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The UWI and UNDP call on Caribbean youth to get involved

For Release Upon Receipt - Monday, August 14, 2017

The current generation of tertiary level students will be in the prime of their careers in the year 2030 and are, therefore, key to implementing the UN’s Sustainable Development Goals (SDGs) for the benefit of the Caribbean region.” This is according to Director of Development at The University of the West Indies (The UWI), Stacy Richards-Kennedy. Through its Office of Development, The UWI and the United Nations Development Programme (UNDP) recently concluded a campaign aimed at enhancing the Caribbean’s efforts towards achieving the SDGs by ensuring the active participation of the region’s youth. Themed ‘SDG Youth Advocacy Caribbean’, the campaign culminated in a Youth Forum at the Caribbean Action 2030 Conferenceheld at The UWI, Mona from June 28 to 30, 2017.

Over the course of the UWI/UNDP campaign, young persons across the Caribbean were invited to submit examples of research and service learning projects addressing development challenges in the Caribbean for the production of a short film on SDG initiatives. The final productionpremiered at the Caribbean Action 2030 Regional Conference featuring the work of UWI students: Amrita Milling and Kimberly Badal from the St. Augustine Campus; Franz Harewood-Hamblin and Holly Trew from the Cave Hill Campus; the SALI6201 MSc Group and Thalia Balkaran, both from the Mona Campus and Patrice Jones from the Open Campus. The film takes the viewer on a journey through various communities in Barbados, Jamaica and Trinidad and Tobago, giving voice not only to The UWI students who share stories of how they apply their research, leadership skills and creative talents to tackle development issues but also to a diverse range of persons in these communities whose lives were impacted by the projects.

The digital photography competition titled “Through the Lens of Caribbean Youth” received entries from across the Caribbean highlighting development challenges in all 17 development areas outlined by the SDGs. The winners—Ajay Rameshwarsingh from Trinidad & Tobago in 1st place; Terence Thompson from Jamaica in 2nd place; Shilton Doelatip from Suriname in 3rd place and Hakeem Thompson from Barbados who received honorary mention—captured issues facing their countries and the wider Caribbean through engaging imagery.

According to Mrs Richards-Kennedy, “The objective was to build awareness of the 17 SDGs by stimulating the intellectual ability and creative talent of The UWI students to engage with development issues affecting the Caribbean, through the integration of visual arts and technology and tapping into their analysis and advocacy on the SDGs.”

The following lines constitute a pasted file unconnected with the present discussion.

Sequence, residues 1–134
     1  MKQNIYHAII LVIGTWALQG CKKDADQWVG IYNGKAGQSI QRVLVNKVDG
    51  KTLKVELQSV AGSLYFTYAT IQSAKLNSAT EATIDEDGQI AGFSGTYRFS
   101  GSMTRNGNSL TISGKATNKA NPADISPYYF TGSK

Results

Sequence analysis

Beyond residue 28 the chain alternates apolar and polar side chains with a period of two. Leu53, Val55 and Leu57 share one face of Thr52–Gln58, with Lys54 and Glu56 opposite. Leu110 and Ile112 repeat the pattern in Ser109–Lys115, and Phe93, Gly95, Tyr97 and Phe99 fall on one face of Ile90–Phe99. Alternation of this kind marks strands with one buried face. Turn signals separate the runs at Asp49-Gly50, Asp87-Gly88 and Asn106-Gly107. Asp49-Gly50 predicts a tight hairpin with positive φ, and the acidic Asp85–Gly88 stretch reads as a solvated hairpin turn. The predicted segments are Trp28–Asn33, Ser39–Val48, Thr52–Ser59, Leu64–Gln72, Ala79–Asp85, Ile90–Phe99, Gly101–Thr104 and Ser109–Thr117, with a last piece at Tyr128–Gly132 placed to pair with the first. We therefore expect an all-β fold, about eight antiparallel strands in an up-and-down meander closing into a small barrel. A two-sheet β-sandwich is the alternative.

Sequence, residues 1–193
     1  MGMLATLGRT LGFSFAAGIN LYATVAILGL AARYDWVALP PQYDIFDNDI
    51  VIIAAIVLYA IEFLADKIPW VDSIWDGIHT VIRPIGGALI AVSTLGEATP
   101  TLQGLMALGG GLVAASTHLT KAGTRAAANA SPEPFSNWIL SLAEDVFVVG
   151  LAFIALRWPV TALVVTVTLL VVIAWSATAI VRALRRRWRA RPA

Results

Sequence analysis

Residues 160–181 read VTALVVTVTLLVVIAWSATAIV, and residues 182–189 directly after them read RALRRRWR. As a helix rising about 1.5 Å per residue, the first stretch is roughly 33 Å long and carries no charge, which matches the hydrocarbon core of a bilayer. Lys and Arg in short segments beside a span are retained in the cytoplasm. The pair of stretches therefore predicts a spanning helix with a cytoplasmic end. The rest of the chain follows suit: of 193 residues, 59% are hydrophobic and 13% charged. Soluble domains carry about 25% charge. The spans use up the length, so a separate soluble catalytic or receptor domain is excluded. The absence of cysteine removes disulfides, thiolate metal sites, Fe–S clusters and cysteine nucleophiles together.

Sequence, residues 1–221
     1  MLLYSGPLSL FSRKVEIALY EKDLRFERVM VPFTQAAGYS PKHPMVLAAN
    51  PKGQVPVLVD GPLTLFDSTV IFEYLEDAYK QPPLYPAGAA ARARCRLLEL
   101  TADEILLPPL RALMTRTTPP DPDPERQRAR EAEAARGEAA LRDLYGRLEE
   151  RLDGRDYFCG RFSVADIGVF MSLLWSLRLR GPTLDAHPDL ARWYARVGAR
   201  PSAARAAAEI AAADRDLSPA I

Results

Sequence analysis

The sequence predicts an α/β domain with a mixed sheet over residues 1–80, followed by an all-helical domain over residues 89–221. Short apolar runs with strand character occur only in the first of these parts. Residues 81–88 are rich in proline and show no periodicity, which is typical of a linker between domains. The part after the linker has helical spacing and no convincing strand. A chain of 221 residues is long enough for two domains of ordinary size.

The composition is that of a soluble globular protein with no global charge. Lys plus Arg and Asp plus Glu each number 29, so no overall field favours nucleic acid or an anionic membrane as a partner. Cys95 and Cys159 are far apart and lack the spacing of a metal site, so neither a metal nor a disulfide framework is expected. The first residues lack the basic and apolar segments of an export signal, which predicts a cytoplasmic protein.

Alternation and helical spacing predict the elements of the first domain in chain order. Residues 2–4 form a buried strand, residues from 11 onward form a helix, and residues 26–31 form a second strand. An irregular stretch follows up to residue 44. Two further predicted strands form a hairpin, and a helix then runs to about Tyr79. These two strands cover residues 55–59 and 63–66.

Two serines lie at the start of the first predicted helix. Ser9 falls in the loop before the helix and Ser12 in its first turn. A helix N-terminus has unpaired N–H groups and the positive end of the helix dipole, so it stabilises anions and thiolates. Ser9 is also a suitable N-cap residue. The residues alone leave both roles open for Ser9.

As an activist university, The UWI supports the impact of initiatives such as these in strengthening the voice and participation of young people in regional development processes. The University sees the SDG Youth Advocacy Caribbean campaign as a call to Caribbean youth to get more involved in the conversation on sustainable development in the region. At the Youth Forum of the Caribbean Action 2030 Conference, participants reiterated the importance of being an integral part of the policy development process for the region. Many of them represented youth groups, NGOs and CSOs and emphasised the need for more work on the SDGs to take place at the community level in order to achieve Agenda 2030.

At the conference, The UWI also signed two Memoranda of Understanding; one with the UNDP and the second with the Malaysian management consulting company, PEMANDU Associates. Through these MOUs, The UWI will engage in joint research and training activities dedicated to building capacity on implementation and delivery of development outcomes and strengthening development effectiveness.

-End-

Notes:

  • Related news:

UWI Open Campus Principal calls for the region to be more active and interventionist to achieve social and economic growth:

http://sta.uwi.edu/news/releases/release.asp?id=1700










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